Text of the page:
Not all demands for payment made by a governmental body are taxes. We have pointed out that "if the primary purpose of legislation is regulation rather than raising revenue, the legislation cannot be classified as a tax even if a burden or charge is imposed." Spokane v. Spokane Police Guild, 87 Wn.2d 457, 461, 553 P.2d 1316 (1976). The characterization of the development fees will, therefore, turn on a determination of the primary purpose of the fees. If the fees are merely tools in the regulation of land subdivision, they are not taxes. If, on the other hand, the primary purpose of the fees is to raise money, the fees are not regulatory, but fiscal, and they are taxes.

Hillis I, 97 Wn.2d at 809. This standard has been applied in subsequent cases on this issue. Teter v. Clark Cy., 104 Wn.2d 227, 238-39, 704 P.2d 1171 (1985); Hillis Homes, Inc. v. PUD 1, 105 Wn.2d 288, 299, 714 P.2d 1163 (1986) (Hillis II); San Telmo, 108 Wn.2d at 24. A quick summary of these cases follows.

At issue in Hillis I were ordinances from two counties imposing fees on developers to pay for additional services (solid waste disposal, parks, roads, fire protection, schools, sheriff's services) required by new developments. In one county, all fees were to be deposited in special accounts, and in both counties the fees were to be used only for capital projects in the geographical area where the payments were made. The court held the development fees were taxes, as the ordinances authorizing the fees make no provision for regulating subdivisions. Indeed, the court concluded the ordinances' only purpose was to raise money. Hillis I, 97 Wn.2d at 809-10.

*636 In Teter, Vancouver and Clark County jointly set up a storm and surface water department to handle drainage problems in a particular basin. The department was established through a series of county resolutions and an interlocal agreement with the City. The County later adopted an ordinance setting charges for residents within the basin. This court noted both the ordinance and the County resolution referred to regulation and control of storm water. Moreover, the agency operating the drainage project issued a report indicating the charges were collected only in the amount necessary to pay for the regulatory actions (runoff control, erosion control and septic tank regulation). Thus, the primary purpose was regulatory, making the charges "tools of regulation" rather than taxes. Teter, 104 Wn.2d at 239.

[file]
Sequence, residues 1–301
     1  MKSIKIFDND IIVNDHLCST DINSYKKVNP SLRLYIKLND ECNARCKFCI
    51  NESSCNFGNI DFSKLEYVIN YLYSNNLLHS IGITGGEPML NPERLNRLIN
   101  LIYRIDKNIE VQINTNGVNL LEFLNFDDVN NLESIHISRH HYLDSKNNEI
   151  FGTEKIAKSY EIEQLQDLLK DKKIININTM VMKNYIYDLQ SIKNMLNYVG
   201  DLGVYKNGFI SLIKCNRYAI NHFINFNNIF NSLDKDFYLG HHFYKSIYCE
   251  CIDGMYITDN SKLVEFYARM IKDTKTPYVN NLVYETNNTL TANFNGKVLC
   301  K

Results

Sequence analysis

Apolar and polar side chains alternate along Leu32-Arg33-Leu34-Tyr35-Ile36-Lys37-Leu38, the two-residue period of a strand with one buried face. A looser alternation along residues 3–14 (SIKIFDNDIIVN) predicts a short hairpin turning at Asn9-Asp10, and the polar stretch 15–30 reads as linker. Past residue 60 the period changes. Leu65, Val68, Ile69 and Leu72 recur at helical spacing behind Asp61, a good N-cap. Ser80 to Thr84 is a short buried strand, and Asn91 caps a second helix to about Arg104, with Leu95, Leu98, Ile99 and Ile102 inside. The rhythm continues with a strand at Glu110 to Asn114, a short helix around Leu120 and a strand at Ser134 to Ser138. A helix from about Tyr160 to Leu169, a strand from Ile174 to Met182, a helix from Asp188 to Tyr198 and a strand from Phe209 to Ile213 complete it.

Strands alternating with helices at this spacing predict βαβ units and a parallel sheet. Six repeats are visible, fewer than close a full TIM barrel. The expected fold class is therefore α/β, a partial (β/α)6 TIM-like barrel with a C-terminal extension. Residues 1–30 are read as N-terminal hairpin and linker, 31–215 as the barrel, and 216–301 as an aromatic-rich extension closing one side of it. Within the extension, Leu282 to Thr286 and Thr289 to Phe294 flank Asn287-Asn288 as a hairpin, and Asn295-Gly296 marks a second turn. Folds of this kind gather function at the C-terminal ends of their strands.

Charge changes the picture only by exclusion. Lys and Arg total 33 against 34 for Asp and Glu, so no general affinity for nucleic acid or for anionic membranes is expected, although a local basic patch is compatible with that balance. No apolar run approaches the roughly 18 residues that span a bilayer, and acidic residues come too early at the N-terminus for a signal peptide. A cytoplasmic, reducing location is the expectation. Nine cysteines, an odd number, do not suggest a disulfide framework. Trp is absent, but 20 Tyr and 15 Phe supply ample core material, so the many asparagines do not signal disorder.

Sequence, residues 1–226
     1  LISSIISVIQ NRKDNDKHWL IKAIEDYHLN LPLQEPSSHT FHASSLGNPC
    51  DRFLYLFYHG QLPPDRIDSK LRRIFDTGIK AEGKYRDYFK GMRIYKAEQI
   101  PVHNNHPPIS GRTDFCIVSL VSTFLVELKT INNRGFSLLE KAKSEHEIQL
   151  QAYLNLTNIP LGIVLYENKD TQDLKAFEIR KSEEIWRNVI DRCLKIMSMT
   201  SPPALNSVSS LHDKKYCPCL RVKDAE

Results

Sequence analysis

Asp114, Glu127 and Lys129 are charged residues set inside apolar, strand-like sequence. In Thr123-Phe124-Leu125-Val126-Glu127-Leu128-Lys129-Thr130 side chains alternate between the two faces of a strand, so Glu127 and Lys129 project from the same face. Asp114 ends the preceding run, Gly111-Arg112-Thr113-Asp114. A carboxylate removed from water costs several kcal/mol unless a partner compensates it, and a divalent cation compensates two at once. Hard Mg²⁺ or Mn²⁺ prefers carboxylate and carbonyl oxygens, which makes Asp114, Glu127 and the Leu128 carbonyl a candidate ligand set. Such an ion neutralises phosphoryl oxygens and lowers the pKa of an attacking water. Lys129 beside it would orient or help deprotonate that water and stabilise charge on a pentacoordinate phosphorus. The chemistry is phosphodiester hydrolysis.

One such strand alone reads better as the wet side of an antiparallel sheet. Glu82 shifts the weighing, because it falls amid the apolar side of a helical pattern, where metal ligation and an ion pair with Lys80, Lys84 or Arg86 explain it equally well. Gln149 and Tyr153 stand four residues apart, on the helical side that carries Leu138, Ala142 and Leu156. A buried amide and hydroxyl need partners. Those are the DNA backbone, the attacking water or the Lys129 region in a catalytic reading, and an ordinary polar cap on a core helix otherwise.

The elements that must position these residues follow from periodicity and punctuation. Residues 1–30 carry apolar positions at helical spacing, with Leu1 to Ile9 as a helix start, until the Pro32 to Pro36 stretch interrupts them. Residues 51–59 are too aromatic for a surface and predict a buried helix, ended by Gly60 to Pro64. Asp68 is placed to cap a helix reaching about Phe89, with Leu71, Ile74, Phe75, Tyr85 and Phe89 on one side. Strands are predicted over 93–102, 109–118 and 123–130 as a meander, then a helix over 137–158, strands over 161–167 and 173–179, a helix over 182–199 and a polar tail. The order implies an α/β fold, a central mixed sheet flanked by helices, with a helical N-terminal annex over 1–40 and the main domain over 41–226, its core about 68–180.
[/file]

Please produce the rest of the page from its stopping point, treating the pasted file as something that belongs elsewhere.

In Hillis II, a public utility district imposed connection charges for a new water system as part of an overall plan to regulate the use of water. The connection fees could only be used to fund the construction of new improvements or to cover debt service on revenue bonds issued for the same purpose. The court noted the regulatory scheme is expressly authorized in RCW 54.16.030. The connection fee simply reflected a shifting to the user of expenses incurred by the system on the user's account. Thus, the charges were not taxes. Hillis II, 105 Wn.2d at 299-300.

In San Telmo, a Seattle ordinance placed conditions on the demolition of low income housing. If the landlord wanted to demolish low income housing and convert it to a nonresidential use, the landlord was required to give relocation notice and assistance to tenants, and to either (1) construct replacement housing, or (2) contribute to a fund that would do the same thing. Either of these options involved "a large expenditure of money for the public good". San Telmo, 108 Wn.2d at 23. The court noted the principles set out above in Hillis I, Teter, and Hillis II for fees charged by counties apply equally to fees charged by cities. After stating the test of Hillis I, the court added the following analysis:

Quite simply, the municipal body cannot shift the social costs of development onto a developer under the guise of a regulation. *637 Such cost shifting is a tax, and absent specific legislative pronouncement, the tax is impermissible and invalid. ... [Here,] the payment the owner must make is not being used by the City to regulate the demolition of low income housing units. The City is instead shifting the public responsibility of providing such housing to a limited segment of the population. This shifting is a tax, and pursuant to RCW 82.02.020, it cannot be allowed.

San Telmo, 108 Wn.2d at 24.[2]

Margola relies heavily on Hillis I in characterizing the registration charge as a tax. Margola observes the registration ordinances have no regulatory language at all, and the ordinances themselves give no indication of the purpose for which the money is to be used. Accordingly, Margola concludes the registration ordinances' only purpose is to raise money, and under Hillis I the charge imposed is a tax.[3]